Grant helps kids eye higher education
When Jacob Rose, a junior at Ridgeland-Hardeeville High, was in seventh grade he was reading on a third-grade level. He was also small for his age and shy. He was bullied in school. He didn’t know it, but his whole life was about to change because the Jasper County School District had just received a GEAR UP grant.
GEAR UP (Gaining Early Awareness and Readiness for Undergraduate Programs) is “…designed to increase the number of low-income students who are prepared to enter and succeed in postsecondary education. … grantees serve an entire cohort of students beginning no later than the seventh grade and follow the cohort through high school,” according to the U.S. Dept. of Education.
South Carolina’s Commission for Higher Education, in partnership with the Chamber of Commerce, acknowledging the relationship between economic development and education, applied for and received a GEAR UP grant in 2011.
Money was directed to 22 schools, many of them located along what has been called South Carolina’s Corridor of Shame.
Jasper schools hired GEAR UP coaches Nyrita Austin and Kelvin Simmons, who arrange for college field trips, guest speakers, enrichment programs, tutoring opportunities and stay in constant touch with GEAR UP students, parents and teachers.
It appears Austin and Simmons have adopted all 140 students and the students who have embraced the program clearly love them back.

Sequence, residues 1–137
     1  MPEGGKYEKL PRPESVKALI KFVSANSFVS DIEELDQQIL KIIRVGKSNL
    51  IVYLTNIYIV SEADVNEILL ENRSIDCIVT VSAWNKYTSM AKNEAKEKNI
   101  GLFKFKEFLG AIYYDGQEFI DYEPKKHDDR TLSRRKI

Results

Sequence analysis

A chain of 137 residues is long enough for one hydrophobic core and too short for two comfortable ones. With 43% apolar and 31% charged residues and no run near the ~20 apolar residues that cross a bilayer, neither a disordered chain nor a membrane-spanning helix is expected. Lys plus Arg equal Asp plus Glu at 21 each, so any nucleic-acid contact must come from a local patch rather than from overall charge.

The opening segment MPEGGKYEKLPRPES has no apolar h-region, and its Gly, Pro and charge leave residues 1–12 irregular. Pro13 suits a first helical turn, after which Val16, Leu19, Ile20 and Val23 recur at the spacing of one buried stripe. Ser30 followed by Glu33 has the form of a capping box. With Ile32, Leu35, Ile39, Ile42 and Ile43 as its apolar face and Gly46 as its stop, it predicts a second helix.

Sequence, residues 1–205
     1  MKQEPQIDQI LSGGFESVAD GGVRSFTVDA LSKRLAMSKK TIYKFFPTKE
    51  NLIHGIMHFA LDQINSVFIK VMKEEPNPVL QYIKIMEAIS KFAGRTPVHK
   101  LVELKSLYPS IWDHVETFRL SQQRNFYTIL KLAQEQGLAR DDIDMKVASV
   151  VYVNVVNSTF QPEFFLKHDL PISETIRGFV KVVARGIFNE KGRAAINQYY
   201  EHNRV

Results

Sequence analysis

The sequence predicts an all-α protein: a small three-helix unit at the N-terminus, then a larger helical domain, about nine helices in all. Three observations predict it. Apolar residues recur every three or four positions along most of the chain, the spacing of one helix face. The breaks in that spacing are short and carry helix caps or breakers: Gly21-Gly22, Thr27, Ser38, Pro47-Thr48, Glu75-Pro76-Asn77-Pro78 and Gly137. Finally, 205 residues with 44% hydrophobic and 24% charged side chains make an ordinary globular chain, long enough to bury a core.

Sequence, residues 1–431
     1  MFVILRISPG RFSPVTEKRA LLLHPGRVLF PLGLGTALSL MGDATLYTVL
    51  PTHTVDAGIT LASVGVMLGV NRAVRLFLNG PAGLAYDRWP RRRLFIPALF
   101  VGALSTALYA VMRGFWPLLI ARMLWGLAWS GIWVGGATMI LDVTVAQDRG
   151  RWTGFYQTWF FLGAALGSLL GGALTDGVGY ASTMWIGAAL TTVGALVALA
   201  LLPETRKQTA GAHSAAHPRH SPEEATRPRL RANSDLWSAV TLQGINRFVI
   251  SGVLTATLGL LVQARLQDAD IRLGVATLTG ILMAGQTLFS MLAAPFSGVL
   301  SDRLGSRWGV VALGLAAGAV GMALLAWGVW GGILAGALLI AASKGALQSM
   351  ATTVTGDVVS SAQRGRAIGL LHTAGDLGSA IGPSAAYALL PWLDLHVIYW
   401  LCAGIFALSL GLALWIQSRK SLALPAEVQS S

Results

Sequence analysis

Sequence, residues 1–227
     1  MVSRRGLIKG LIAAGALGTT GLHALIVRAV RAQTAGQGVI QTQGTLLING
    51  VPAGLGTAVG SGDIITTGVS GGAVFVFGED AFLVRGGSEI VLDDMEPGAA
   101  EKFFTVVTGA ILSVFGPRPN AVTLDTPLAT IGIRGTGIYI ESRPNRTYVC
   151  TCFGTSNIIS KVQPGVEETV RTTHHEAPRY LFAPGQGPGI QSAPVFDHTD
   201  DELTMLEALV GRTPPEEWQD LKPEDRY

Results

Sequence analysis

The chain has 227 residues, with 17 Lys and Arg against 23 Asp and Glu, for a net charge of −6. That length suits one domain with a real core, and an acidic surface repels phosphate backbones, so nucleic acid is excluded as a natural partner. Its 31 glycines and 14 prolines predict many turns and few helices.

Rose was hanging out in the school library when Austin first tracked him down.
“She talked me into coming to GEAR UP. Now I am outgoing, doing dual enrollment (taking college classes for college credit while in high school), and plan to go to college to major in Theater Arts. I now read on a college level,” said Rose, who is now over 6 feet tall and is no longer being bullied.
A’Kiera Mervin, Tiffiny Horne, Sabian Wyatt, Niarobi Pollins, Kamrin Williams and Rose, all GEAR UP juniors, love visiting colleges.
They find college students are friendly, informative and treat them with respect.
“Nobody can teach the youth like the youth,” Williams said.
“You don’t go to college because your friends are going, you go to make yourself better,” Pollins said.
Asked if it’s smart to go to college when it’s so expensive and even college grads can’t find jobs, Williams said, “It may be hard to get a job after college, but it’s almost impossible to get a job with just a high school degree.”
“You need a high school diploma just to work at Wendy’s,” said Wyatt.
Said Mervin: “We are glad to be learning about tuition costs, FAFSA and ways to pay for college.”
About 85 percent of the class is enthused about GEAR UP, what about the other 15 percent?
“They are too attached to Ridgeland, afraid to be better than what they are. Some people try, but then things get hard and they quit,” Horne said.
Christy Thompson, Jasper SD Executive Director of Secondary Schools and Alternative Programs, leads the program. She, along with her staff, set standards and decide how to allocate the $150,000 per year of grant funding.
Is GEAR UP working?
According to Thompson:
■ 19 GEAR UP juniors have participated in dual enrollment, compared to seven seniors (who are not in the program).
■ Attendance rates for GEAR UP students are better than for any other RHHS grade level.
■ GEAR UP parents, Angela Habersham and Alfreda Mikell, appreciate the program because without it their daughters would never have visited 12 colleges.
“Dual enrollment courses are offered at RHHS so I don’t have to burn fuel for my daughter traveling to TCL in Bluffton and the Program pays for books,” Angela Habersham commented.
■ Next year, when this cohort graduates, we will know if their graduation rate is up and if more of them will attend post-secondary school.
Source: Savannah Morning News